Speech on the Government's Cuts to Health
5.00pm | October 18, 2018
When I'm out talking to people in the great state of New South Wales there is one thing that comes through loud and clear, and that is that people know that you cannot trust a Liberal government when it comes to health. This government has spent five years cutting vital health services that Australians rely on. When Scott Morrison, our now Prime Minister, was Treasurer he cut more than $700 million from Australian hospitals. We know that these cuts have a significant impact on people who are living in rural and regional areas.
I want to talk a bit about the people who live in the electorate of Gilmore, an electorate I spend quite a bit of time in. Those people, from Moruya through to Kiama, have watched as the government has failed year on year to in any way improve health services in that area. Fiona Phillips, Labor's candidate in Gilmore, has been fighting for people living on the New South Wales south coast to get the health care that they need close to home. Currently, people who live in Batemans Bay have to drive 120 kilometres to Nowra to access the nearest Medicare subsidised MRI machine. Some are even forced to drive all the way to Canberra. That is why Labor has committed to funding a Medicare MRI licence for Batemans Bay Hospital so that locals get the scans that they need close to home without being hit by very high out-of-pocket costs.
When Labor were last in office we granted 238 of these licences, because we understand the importance of MRI scans being accessible in local communities. It is in stark contrast to this government, because under the Liberals they have granted just five MRI licences throughout five years in office. On average one every year—it's hopeless. Just one day after Labor's shadow minister for health, Catherine King, announced that Labor will provide MRI licences across the country we then saw the Prime Minister, Scott Morrison, make a clumsy attempt to match that announcement. MRI scans are used to detect tumours and cancer. Communities benefit from early detection and diagnosis, and a lack of access to these services can have deadly consequences. The people of Gilmore deserve a lot more than what they're getting.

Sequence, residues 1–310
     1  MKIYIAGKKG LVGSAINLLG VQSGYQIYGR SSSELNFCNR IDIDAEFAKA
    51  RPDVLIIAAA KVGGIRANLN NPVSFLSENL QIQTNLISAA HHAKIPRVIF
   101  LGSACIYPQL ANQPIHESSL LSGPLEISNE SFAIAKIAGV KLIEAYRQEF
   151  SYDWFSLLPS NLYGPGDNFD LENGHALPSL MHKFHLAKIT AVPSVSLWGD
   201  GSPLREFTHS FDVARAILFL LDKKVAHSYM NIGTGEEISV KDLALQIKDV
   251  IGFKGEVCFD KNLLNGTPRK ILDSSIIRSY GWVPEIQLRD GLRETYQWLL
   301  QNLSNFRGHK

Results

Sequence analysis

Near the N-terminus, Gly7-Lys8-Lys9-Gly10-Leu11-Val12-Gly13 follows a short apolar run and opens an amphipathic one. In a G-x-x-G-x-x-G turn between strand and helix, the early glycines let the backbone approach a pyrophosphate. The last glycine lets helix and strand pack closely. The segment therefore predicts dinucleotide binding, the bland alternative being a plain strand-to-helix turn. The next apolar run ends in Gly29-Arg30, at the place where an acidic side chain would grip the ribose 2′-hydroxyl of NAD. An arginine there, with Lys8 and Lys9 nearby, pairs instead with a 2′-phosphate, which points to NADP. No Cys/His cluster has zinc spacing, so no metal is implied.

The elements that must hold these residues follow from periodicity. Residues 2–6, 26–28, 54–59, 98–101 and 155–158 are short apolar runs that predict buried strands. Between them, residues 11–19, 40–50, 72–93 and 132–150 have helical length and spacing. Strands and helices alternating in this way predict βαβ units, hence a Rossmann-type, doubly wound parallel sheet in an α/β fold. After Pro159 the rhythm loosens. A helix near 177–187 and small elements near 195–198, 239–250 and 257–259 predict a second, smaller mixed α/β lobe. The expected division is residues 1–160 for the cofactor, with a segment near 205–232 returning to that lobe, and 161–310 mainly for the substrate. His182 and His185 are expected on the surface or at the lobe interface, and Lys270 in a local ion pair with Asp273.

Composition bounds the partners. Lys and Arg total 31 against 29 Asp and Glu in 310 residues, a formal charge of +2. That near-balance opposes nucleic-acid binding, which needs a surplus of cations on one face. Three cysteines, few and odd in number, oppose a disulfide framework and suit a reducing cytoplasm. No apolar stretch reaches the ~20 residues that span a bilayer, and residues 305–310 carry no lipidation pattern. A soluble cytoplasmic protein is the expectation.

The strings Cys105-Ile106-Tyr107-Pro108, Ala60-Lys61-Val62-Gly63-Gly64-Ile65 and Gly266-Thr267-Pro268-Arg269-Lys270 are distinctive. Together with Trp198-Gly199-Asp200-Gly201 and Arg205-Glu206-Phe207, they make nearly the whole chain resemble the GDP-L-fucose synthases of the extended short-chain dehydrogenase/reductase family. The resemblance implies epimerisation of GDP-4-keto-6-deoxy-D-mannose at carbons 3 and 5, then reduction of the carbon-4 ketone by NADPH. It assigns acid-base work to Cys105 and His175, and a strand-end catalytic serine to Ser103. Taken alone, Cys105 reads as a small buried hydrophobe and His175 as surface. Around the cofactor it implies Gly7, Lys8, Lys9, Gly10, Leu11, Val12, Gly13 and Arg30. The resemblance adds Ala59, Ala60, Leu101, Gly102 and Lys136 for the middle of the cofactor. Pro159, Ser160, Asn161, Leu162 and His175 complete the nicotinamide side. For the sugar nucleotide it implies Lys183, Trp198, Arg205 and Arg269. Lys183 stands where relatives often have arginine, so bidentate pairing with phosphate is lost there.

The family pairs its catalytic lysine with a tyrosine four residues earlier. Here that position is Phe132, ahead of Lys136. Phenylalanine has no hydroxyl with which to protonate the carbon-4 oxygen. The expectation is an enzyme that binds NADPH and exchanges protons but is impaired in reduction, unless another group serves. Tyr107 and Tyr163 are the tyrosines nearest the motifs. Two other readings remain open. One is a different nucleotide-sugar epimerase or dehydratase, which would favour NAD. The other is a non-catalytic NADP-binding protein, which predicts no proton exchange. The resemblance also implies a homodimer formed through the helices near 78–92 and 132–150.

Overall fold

Labor has always believed that it should be a Medicare card not your credit card which determines your access to health care in Australia. In the electorate of Page people have expressed serious concerns about the Liberals cuts to hospitals and the effect it is having on their community. Patrick Deegan, Labor's candidate in Page, has been listening to people living in the Clarence Valley who have told him about how their local hospital needs a helipad. The old helipad at Maclean District Hospital has been closed for almost 18 months and the community's calls have been largely ignored by the local member, Kevin Hogan. Helipads are vital for the urgent transportation of critically ill people, and if the helipad were funded this would ensure faster access to care at other hospitals and that ambulance remain on the road responding to calls. But, instead of acting, Kevin Hogan has been more concerned about playing political games on the crossbench. We don't know what he stands for, but it certainly isn't for the people of Page. But we shouldn't be at all surprised by the government's inaction on the Maclean helipad, especially considering the track record of the Prime Minister.
As Treasurer, Mr Morrison cut $9.5 million from the Northern NSW Local Health District between 2017 and 2020. Labor's commitments come as part of a $2.8 million better hospital fund to better fund better facilities and more services across the nation. The people of Page deserve more than they are getting.
Delivered in the Senate on October 18, 2018